For cytosolic FBPase assays, frozen leaf subsamples were ground to a fine powder using a mortar and pestle precooled with liquid N, and extracted in ice-cold 50 mm N-2-hydroxyethylpiperazine-N′-2-ethanesulfonic acid (HEPES)–KOH (pH 7.5) buffer containing 12 mm MgCl2, 1 mm EDTA, 1 mm ethylene glycol-bis-(β-aminoethyl ether)-N,N,N,N-tetraacetic acid (EGTA), 1 mm benzamidine, 1 mmɛ-aminocaproic acid, 1 mm dithiothrenitol (DTT), 0.1% Triton X-100, 1 mm PMSF and 1% polyvinylpolypyrrolidone (PVPP). A spectrophotometric method coupled to NADP reduction was used for the FBPase assays (Pérez et al., 2001). SPS was assayed by measuring either the sucrose plus sucrose-6-phosphate or the UDP produced from F6P and UDP-glucose. Replicate analyses were performed with high substrate and effector concentrations to measure both activated and inactivated forms of SPS (Va activity, Trevanion et al., 2004), or with low concentrations of these in the presence of the inhibitor phosphate to measure only the activated form (Vb activity, Trevanion et al., 2004); SPS activation was estimated as the Vb : Va ratio. First, the widely used procedure described for spinach (Huber et al., 1989) was followed. However, very low-Va SPS was obtained in leaves incubated with phosphate. This was overcome using the method of Trevanion et al. (2004), optimized for wheat, in which enzyme activity involves greater changes in affinity for UDP-glucose and reduced sensitivity to inhibition by phosphate than in spinach. However, the desalting step with Sephadex G25 (Amersham Biosciences Europe GmbH, Barcelona, Spain) failed sufficiently to remove the sugars, probably fructans, giving high blanks and variability in the anthrone test. Thus numerous assays were required to obtain reliable results. The alternative assay of UDP was unsuitable because of low recovery of UDP, probably because of high UDP phosphatase activity (Trevanion et al., 2004). An alternative method was used in which leaves were extracted in ice-cold 50 mm Hepes–KOH (pH 7.5) buffer containing 10 mm MgCl2, 1 mm EDTA, 1 mm EGTA, 1 mm benzamidine, 5 mmɛ-aminocaproic acid, 5 mm DTT, 10 µm leupeptin, 0.5% BSA, 0.1% Triton X-100, 1 mm PMSF and 2% PVPP. After centrifugation at 17 000g at 5°C for 5 min, the undesalted supernatants were made 40% polyethylene glycol (PEG)-6000, allowed to stand on ice for 40 min, then centrifuged at 17 000g at 5°C for 5 min. The precipitate was then resuspended in the extraction buffer without PVPP and assayed with the concentrations of substrate, effectors and phosphate described by Trevanion et al. (2004). The PEG precipitation step substantially decreased the amount of interfering sugars so that reliable results could be obtained. The SPS assay was validated using tests of linearity of enzyme activity with respect to time and amount of leaf extract.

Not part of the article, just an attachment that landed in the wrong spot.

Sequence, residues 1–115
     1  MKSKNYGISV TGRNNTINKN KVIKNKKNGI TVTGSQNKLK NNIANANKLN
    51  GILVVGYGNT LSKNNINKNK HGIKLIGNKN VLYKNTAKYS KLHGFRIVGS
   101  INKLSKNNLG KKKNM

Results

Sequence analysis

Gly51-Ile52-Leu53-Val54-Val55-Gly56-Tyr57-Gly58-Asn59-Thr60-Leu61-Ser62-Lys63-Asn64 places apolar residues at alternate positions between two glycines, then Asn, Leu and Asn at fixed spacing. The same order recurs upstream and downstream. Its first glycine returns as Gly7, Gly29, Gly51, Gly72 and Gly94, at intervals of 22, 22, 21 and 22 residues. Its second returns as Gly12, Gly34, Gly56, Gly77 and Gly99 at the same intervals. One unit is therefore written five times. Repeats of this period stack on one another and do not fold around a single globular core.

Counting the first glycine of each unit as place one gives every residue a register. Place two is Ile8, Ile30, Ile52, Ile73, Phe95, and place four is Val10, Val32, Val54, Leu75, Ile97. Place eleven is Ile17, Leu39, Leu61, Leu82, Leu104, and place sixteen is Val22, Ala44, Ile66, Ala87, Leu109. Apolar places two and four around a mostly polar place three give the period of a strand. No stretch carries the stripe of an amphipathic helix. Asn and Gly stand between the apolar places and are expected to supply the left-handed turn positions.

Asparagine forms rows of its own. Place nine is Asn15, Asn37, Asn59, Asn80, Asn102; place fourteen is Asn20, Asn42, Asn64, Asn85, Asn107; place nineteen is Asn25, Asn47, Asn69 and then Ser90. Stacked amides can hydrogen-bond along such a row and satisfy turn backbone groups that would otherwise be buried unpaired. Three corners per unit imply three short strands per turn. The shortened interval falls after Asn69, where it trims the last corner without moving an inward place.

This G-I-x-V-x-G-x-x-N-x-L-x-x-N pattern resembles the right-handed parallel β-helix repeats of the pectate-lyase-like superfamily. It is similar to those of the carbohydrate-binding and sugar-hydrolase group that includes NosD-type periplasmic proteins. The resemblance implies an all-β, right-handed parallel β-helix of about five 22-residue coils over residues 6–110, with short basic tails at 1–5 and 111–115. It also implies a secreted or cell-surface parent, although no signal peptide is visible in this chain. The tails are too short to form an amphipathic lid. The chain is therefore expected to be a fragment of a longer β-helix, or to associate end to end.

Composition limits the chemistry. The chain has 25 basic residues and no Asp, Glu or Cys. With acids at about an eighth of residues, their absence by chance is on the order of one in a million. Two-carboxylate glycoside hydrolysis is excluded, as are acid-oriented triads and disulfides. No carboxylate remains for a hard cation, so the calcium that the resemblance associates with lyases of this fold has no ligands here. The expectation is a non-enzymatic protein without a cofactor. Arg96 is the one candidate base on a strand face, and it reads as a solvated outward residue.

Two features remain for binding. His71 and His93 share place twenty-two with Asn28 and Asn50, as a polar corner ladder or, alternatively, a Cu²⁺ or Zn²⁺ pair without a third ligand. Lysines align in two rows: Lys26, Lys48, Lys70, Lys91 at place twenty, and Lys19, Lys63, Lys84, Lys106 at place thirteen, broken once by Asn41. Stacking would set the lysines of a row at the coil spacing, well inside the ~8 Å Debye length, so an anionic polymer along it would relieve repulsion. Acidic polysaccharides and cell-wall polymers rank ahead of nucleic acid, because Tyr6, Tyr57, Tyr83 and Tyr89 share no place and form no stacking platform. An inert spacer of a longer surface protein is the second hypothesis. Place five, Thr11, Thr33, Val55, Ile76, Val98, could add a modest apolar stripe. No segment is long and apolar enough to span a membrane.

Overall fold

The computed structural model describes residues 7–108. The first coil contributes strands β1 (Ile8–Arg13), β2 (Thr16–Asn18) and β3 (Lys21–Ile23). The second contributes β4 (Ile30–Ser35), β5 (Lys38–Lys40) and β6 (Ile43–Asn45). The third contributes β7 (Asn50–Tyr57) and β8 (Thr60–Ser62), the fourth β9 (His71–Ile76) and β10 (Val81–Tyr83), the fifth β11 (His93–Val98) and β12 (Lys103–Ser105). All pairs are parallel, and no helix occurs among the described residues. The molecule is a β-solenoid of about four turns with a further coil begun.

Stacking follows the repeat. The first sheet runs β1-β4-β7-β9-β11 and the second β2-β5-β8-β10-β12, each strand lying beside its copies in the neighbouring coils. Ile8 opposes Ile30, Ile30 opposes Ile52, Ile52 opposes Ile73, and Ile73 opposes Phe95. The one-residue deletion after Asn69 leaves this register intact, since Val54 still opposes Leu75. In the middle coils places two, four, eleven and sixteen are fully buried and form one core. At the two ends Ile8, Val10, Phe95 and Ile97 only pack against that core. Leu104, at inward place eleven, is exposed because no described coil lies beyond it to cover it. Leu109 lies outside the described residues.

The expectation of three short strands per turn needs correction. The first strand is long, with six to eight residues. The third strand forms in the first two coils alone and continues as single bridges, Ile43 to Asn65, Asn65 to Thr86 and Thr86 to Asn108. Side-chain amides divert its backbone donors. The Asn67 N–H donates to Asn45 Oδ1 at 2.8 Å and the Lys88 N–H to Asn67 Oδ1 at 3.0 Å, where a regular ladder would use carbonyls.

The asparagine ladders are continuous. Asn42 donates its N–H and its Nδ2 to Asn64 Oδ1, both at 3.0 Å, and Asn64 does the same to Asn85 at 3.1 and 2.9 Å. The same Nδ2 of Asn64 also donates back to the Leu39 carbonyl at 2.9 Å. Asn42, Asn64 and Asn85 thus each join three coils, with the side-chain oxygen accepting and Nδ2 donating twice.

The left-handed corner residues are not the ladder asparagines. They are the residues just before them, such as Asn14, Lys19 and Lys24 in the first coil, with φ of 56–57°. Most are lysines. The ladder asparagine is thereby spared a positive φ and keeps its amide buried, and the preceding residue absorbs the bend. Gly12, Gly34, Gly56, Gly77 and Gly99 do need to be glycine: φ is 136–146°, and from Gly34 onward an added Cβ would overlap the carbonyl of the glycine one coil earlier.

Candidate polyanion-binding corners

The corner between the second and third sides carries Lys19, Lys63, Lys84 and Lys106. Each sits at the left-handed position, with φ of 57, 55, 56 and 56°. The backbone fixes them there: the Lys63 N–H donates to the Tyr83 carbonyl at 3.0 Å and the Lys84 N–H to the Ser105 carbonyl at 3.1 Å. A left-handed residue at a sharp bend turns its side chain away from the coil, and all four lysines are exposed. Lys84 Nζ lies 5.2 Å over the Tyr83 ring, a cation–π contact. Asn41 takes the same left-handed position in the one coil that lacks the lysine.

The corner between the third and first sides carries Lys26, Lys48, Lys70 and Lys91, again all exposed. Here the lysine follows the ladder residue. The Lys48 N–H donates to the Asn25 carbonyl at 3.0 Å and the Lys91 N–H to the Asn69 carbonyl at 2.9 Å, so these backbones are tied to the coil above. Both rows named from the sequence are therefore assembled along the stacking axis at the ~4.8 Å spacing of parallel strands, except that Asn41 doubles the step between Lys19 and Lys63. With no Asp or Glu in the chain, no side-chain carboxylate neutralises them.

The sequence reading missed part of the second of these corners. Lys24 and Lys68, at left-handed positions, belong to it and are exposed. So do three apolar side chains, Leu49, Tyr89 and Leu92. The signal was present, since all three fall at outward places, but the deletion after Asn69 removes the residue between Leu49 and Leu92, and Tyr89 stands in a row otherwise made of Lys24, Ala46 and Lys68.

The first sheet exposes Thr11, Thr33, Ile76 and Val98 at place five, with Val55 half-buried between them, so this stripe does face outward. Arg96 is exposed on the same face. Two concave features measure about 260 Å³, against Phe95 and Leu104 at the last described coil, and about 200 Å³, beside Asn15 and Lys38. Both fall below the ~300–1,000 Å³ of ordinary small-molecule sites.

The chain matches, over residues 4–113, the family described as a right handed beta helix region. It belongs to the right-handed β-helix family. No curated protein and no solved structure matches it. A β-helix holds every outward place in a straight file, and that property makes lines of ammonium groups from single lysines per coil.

The anovas for a randomized block design experiment were performed with the genstat 6.2 statistical package. From these analyses the least significant differences (P < 0.05) among treatments were derived, as shown in the figures.